Condo Insurance: Coverage for belongings or other personal property in the condo is up to the owner of the condo unit – it will not be covered by the condo association insurance policy, and it isn’t typically covered by a standard condo insurance policy either. You may need to purchase additional insurance or add a rider to your existing policy to provide coverage for your personal belongings.
Homeowners Insurance: Some degree of personal property coverage is typically included in a homeowners policy; however, there are limits to the amount of personal property. If you have high-value items, be sure to get a specific rider to cover those items as personal property policies typically have coverage limits.
RENTALS AND RENTERS NEED ADDITIONAL POLICIES
Condo Insurance: Even though you can get rental coverage on a condo, condo insurance is different than renters insurance. Renters insurance is intended to cover someone who rents a unit or lives there temporarily. That is why people who own condos need a different policy.
If you own a condo and are considering renting it out to an individual, you may need a separate type of policy called condo rental insurance which is specialized for this particular rental situation. This type of policy is focused more on liability in case something happens to someone inside the condo and also protects the interior work that the owner of the unit (not the renter) has done.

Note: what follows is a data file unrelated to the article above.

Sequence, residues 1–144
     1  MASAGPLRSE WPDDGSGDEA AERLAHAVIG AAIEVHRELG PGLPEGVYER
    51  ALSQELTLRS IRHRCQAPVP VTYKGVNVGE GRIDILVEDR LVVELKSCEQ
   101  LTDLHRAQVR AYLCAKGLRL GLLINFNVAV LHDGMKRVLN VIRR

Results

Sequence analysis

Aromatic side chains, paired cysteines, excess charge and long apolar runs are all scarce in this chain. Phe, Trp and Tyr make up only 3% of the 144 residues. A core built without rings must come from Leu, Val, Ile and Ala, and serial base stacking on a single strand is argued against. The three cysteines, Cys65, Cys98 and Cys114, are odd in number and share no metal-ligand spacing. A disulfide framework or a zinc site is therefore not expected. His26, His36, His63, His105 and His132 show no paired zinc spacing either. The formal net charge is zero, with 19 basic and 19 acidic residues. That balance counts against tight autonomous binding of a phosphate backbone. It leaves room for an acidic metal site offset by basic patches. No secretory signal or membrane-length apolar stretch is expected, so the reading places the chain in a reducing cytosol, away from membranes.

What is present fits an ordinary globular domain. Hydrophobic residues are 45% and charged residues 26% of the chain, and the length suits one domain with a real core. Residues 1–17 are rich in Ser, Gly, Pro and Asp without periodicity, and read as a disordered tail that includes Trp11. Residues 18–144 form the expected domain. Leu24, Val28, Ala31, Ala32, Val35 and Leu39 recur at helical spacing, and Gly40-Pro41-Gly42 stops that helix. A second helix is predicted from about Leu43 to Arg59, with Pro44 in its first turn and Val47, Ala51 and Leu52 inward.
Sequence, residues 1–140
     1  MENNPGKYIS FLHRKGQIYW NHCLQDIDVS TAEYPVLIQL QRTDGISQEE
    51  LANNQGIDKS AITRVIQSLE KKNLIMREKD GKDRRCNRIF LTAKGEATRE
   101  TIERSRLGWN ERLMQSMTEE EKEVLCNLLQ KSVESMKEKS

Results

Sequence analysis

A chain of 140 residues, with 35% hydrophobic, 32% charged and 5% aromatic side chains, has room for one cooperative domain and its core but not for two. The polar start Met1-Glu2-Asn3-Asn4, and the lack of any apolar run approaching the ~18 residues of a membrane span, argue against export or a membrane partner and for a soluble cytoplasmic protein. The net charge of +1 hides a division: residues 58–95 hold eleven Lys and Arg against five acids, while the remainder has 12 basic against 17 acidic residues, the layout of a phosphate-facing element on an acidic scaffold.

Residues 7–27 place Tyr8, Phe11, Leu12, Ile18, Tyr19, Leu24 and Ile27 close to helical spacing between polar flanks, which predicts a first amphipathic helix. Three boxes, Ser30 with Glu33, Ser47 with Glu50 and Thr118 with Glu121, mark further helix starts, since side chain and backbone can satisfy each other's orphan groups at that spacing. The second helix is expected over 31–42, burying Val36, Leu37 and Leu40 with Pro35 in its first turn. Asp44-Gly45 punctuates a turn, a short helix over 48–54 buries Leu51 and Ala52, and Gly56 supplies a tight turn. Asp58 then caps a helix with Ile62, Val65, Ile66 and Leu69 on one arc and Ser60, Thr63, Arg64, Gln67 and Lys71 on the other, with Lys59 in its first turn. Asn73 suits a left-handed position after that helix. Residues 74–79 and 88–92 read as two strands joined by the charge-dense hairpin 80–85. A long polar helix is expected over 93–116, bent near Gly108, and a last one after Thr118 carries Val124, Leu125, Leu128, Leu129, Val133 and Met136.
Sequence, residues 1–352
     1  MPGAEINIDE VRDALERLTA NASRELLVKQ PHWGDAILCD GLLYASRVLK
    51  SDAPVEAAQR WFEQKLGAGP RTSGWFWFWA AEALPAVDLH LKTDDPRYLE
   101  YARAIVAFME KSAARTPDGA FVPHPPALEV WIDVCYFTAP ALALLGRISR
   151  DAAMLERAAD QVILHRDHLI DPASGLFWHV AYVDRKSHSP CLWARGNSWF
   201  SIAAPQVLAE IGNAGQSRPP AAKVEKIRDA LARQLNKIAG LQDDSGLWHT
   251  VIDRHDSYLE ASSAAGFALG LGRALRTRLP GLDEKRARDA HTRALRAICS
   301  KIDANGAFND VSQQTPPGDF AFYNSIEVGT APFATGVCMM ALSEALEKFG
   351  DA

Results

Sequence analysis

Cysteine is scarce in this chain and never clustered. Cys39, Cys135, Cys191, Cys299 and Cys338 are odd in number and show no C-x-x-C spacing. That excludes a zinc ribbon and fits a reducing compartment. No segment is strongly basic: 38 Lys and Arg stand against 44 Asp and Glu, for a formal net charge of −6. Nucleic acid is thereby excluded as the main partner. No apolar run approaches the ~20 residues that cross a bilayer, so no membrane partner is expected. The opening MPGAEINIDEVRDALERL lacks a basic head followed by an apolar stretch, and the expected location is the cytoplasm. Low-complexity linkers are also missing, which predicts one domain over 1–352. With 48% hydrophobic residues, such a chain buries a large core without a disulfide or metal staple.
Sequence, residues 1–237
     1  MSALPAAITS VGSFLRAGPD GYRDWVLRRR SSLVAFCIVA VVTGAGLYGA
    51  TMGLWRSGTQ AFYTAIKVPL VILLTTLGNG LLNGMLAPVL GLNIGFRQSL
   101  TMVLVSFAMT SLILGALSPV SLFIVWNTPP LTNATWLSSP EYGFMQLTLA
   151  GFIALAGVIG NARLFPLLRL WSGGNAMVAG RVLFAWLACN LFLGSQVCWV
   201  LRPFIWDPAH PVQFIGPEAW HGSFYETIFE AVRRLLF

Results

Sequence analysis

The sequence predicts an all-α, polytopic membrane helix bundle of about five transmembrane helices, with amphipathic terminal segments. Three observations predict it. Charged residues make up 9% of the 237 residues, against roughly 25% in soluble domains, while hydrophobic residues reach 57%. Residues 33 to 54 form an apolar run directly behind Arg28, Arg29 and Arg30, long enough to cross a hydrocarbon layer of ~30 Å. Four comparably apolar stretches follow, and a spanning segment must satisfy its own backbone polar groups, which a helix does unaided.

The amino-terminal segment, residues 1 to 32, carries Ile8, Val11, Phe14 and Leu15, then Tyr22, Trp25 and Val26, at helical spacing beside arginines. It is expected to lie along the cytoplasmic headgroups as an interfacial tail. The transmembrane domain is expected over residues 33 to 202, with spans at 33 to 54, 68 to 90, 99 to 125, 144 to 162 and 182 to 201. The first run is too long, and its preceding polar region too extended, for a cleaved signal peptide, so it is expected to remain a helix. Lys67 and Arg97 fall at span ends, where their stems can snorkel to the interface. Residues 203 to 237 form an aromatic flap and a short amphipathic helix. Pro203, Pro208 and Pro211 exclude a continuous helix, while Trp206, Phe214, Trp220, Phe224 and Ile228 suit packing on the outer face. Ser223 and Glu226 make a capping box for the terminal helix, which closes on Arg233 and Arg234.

Homeowners Insurance: Standard homeowners insurance policies are not adequate to provide coverage for homes you own and rent to individuals long term. When you make an income from the rental of a property, it is no longer your “home” and instead a business. Because of this, you will need rental property insurance if you have tenants for 6+ month stays. If you do live at your home and use your home for short-term rentals only, you may be able to add a rider to your homeowners insurance policy to get the coverage you need.
We recognize how difficult it can be to navigate all the insurance options available to you – you can get coverage for just about anything! At Independent Insurance Associates, we will never “nickel and dime” you into purchasing policies that you don’t need. Give us a call today to see how we can help!